EL DORADO COUNTY, Calif. (KTXL/AP) — Fire crews are battling the Caldor Fire in the El Dorado National Forest, as a Red Flag Warning remains in effect for Northern California until 8 p.m. Wednesday.
The fire exploded in size Tuesday. By Wednesday morning the Caldor Fire had burned 53,772 acres and was 0% contained.
More than 12,000 residents in multiple communities were ordered to evacuate Monday and Tuesday as the fast-moving flames moved through El Dorado County. Nearly 6,000 structures are threatened by the fire.
Cal Fire said Tuesday teams will move in to assess the damage when they’re able, but fire officials estimated that at least 50 homes had burned in the area since the fire erupted.
Few homes were left standing in the Grizzly Flats area, where streets were littered with downed power lines and poles. Houses were reduced to smoldering ash and twisted metal with only chimneys rising above the ruins. A post office and elementary school were also destroyed.
Cal Fire also reported structure loss in Leoni Meadows.
A school official told NewsNation affiliate KTXL multiple schools are closed as a result of the Caldor Fire.
Cal Fire reported two civilians were injured overnight into Tuesday morning in Grizzly Flats. One person was seriously hurt and approached firefighters for help before being hospitalized. The other person was also severely injured and later flown to a local hospital.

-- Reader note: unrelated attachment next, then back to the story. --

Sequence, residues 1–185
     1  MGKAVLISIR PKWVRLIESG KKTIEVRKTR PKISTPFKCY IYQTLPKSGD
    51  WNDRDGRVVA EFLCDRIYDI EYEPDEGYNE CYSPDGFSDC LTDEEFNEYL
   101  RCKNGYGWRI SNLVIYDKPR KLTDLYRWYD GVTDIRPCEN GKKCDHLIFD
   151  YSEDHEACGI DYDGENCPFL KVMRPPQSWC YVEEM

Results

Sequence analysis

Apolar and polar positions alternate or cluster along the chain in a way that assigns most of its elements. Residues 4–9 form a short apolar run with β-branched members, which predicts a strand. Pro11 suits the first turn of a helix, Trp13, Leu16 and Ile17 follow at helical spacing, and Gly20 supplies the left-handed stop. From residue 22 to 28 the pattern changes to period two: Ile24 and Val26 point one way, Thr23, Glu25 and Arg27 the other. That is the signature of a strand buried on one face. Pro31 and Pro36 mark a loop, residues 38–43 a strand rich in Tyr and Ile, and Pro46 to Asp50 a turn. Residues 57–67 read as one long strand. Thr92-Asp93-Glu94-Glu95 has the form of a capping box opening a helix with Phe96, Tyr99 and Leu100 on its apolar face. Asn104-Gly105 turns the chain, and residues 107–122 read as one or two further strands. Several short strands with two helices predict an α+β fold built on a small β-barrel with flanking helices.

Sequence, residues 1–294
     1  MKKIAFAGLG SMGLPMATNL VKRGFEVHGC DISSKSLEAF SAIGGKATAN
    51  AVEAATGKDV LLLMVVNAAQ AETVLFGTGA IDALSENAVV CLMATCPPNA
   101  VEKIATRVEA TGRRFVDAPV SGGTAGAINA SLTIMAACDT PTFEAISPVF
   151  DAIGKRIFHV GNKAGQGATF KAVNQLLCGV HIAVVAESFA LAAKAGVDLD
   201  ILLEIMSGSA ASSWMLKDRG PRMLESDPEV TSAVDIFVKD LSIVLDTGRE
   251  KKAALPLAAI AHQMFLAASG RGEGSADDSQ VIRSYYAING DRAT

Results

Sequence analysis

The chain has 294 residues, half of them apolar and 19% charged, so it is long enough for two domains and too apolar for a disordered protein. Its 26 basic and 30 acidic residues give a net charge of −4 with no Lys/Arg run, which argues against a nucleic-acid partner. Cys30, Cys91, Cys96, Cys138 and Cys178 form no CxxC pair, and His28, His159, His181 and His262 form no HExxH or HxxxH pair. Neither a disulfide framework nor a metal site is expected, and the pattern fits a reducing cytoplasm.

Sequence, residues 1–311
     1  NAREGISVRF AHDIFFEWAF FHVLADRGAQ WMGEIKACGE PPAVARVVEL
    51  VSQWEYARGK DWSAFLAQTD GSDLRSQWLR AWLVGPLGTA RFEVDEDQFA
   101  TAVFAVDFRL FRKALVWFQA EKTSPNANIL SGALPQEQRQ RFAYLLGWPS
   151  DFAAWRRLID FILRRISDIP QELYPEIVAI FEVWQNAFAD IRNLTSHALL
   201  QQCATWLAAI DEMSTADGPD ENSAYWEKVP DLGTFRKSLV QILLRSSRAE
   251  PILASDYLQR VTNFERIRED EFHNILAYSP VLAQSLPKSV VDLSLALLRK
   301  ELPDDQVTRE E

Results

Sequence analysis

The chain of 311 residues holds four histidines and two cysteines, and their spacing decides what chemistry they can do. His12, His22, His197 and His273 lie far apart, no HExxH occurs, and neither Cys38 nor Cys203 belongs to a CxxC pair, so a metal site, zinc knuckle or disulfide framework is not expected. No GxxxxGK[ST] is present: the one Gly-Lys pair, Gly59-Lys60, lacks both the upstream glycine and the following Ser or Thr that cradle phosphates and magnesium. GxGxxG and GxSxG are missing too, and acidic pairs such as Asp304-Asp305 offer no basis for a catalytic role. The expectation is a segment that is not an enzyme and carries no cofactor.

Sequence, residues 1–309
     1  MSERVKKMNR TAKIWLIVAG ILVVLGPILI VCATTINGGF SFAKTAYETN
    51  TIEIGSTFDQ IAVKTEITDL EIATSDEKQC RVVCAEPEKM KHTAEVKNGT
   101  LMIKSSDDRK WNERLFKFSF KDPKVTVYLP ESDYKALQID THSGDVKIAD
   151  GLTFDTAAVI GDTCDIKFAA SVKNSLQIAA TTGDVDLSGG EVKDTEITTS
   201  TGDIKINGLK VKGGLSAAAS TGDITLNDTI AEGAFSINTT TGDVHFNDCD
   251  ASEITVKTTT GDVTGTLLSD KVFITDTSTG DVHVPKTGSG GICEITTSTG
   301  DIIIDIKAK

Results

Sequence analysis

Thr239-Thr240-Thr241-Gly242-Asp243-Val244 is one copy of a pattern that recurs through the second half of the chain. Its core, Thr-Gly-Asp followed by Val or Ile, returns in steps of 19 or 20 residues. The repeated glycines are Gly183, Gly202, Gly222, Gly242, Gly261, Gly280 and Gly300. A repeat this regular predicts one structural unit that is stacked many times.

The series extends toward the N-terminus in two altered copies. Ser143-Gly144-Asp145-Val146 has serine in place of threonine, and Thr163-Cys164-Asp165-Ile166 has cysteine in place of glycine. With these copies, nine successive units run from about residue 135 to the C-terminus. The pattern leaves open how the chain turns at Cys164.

The U.S. Forest Service said the fire began Saturday evening four miles south of Grizzly Flats and 2 miles east of Omo Ranch. Officials have announced an emergency closure of the El Dorado National Forest.
“It’s really tough to make access, there’s a lot of logging roads, they’re thin, they’re dirty, they’re unpaved and once you get in there it’s steep and rocky and otherwise inaccessible,” Metro Fire Battalion Chief Chris Vestal told KTXL Tuesday.
The El Dorado County Sheriff’s Office said Sunday communities in the area “should be on alert and prepared to evacuate.”
A map with current evacuation information can be found here.
“We know this fire has done things that nobody could have predicted, but that’s how firefighting has been in the state this year,” El Dorado National Forest Supervisor Chief Jeff Marsolais said at a briefing.
Joe Wilde, a Caldor Fire evacuee, described to KTXL Tuesday morning sifting through his family’s possessions before evacuating.
“There’ll be a lot of stuff that’s gone,” Wilde said. “You have to be thankful because money can buy you things, but if anything happened to my boys, our pets or anything like that, they can’t be replaced.”
Belinda Wright lost her home in Grizzly Flats.
“It’s sad. I’m a single mom of three kids and I lost everything,” Wright said. “I have my family. That’s all that matters.”
Late Tuesday, Pacific Gas & Electric said it has begun shutting off power to as many as 51,000 customers in 18 Northern California counties to prevent wildfires for the first time since last year’s historically bad fire season.
The utility said the shutoffs were focused in the Sierra Nevada foothills, the North Coast, the North Valley and the North Bay mountains and could last into Wednesday afternoon.
The nation’s largest utility announced the blackouts as a precaution to prevent gusts from damaging power lines and sparking blazes.
The cause of the fire remains under investigation.
The Associated Press contributed to this report.
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